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Slut-Shamed In the Workplace? Avoiding Exposure for Your Employees’ Exposure

Situations involving an employee’s voluntary online exposure rarely end well and can bring legal exposure for the employer.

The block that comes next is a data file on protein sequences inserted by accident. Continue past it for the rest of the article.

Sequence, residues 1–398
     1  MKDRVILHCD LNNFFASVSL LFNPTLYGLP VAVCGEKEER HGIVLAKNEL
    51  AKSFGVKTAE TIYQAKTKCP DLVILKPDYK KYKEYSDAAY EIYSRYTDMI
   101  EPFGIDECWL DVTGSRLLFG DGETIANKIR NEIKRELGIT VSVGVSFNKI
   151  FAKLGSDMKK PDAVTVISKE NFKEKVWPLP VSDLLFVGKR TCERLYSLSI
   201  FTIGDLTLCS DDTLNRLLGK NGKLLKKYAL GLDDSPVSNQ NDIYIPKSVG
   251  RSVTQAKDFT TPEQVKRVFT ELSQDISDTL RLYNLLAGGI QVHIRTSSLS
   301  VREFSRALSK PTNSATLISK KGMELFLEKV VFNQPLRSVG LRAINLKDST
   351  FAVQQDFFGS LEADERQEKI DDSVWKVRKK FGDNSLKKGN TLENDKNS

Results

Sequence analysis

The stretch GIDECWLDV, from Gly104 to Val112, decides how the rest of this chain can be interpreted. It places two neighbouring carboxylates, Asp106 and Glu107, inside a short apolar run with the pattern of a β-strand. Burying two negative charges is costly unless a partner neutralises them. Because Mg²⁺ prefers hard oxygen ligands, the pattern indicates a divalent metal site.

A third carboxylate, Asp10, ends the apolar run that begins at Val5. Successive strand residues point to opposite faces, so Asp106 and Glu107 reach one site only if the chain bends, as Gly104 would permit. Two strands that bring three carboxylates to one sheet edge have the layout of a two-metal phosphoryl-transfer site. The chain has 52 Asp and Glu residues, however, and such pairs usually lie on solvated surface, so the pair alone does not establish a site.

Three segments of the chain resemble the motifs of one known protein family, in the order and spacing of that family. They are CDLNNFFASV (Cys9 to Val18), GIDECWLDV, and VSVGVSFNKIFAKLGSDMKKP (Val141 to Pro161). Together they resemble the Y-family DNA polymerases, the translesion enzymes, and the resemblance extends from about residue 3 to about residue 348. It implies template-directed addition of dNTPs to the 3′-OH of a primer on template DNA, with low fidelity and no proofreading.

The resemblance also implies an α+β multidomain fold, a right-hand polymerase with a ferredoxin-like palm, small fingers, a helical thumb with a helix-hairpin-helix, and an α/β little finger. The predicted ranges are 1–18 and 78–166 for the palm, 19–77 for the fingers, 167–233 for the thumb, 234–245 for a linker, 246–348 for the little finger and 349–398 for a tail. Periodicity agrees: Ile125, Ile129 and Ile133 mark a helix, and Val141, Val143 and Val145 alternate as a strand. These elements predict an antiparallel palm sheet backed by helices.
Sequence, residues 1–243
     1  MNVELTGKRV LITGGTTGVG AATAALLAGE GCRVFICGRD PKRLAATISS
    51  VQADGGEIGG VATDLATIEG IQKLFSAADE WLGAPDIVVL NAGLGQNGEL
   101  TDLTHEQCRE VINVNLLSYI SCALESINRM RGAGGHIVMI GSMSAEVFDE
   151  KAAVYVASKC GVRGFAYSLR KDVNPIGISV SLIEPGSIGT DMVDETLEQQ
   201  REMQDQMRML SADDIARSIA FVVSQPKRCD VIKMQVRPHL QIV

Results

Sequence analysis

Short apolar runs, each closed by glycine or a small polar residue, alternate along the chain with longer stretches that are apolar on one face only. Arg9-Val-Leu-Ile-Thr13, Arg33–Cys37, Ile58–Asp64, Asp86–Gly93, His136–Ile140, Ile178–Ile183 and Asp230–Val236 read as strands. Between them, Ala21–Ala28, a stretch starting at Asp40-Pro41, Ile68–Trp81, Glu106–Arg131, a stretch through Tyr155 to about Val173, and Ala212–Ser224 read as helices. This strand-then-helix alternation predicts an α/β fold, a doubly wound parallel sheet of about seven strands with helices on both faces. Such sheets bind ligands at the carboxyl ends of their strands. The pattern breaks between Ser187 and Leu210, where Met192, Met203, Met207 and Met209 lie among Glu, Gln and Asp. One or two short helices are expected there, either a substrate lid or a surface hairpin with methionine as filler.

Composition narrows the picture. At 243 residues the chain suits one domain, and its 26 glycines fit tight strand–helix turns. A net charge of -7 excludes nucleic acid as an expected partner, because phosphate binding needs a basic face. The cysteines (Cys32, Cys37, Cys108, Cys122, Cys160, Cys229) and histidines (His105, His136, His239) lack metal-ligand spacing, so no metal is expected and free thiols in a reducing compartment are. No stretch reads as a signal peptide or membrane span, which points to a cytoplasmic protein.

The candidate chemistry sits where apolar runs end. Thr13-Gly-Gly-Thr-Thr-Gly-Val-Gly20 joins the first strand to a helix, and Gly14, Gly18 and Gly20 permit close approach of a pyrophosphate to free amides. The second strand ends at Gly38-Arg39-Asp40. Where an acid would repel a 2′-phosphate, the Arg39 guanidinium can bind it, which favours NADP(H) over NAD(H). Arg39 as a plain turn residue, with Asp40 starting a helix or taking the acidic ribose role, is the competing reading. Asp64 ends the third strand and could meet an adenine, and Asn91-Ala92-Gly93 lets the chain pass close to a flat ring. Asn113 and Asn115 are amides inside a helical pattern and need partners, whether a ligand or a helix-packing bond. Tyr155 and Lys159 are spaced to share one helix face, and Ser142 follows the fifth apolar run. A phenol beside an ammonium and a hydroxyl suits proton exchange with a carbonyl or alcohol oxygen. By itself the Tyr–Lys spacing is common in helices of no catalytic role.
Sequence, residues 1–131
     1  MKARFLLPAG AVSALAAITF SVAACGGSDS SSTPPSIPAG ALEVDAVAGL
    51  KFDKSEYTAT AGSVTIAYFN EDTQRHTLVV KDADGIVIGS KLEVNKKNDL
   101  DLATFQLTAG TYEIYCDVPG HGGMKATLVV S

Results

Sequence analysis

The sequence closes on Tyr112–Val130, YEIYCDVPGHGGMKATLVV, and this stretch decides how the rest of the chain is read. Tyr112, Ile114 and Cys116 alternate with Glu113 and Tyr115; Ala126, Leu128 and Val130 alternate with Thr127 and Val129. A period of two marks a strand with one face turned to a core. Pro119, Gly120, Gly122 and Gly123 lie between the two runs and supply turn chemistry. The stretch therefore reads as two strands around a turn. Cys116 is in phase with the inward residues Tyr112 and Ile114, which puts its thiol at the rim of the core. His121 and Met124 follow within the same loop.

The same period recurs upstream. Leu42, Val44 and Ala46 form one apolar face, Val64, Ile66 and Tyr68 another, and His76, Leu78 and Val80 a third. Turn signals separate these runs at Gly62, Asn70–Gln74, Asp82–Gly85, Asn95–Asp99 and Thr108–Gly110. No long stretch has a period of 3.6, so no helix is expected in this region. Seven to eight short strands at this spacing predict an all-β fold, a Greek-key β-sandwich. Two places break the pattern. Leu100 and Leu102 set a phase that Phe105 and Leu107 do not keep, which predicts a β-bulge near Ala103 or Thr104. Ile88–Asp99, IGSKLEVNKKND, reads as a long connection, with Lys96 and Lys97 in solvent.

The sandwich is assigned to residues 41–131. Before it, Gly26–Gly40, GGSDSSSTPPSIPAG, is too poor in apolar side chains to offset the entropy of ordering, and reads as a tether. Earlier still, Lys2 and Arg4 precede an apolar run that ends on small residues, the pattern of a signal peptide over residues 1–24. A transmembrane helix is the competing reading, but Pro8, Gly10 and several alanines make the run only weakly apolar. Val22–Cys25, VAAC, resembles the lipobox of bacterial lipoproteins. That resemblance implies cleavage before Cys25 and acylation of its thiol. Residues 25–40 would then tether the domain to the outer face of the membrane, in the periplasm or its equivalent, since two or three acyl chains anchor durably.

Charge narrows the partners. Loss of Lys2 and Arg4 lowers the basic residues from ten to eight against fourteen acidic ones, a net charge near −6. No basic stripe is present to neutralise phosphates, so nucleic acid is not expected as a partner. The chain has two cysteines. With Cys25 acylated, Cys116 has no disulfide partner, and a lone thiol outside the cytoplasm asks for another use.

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Maybe it starts with “Did you hear …” whispers in the breakroom. Or perhaps it escalates as employees huddle over their smartphones, eager to check if the rumors are true — that one of their co-workers has a page on an online adult entertainment platform like OnlyFans. Regardless of how it starts, situations involving an employee’s voluntary online exposure rarely end well and can bring legal exposure for the employer. Besides dealing with the disruptive effect in the workplace, employers and HR professionals risk damage to a company’s reputation and being caught between a rock and a hard place: if you discipline the female employee with the OnlyFans side gig but not the male co-workers who discovered and shared it, you may be accused of engaging in disparate treatment, retaliation, or even of condoning sexual harassment and a hostile work environment. As sites like OnlyFans have exploded in popularity during the COVID-19 pandemic, one side effect has been the creation of a minefield for employers, HR professionals, and lawyers to navigate.

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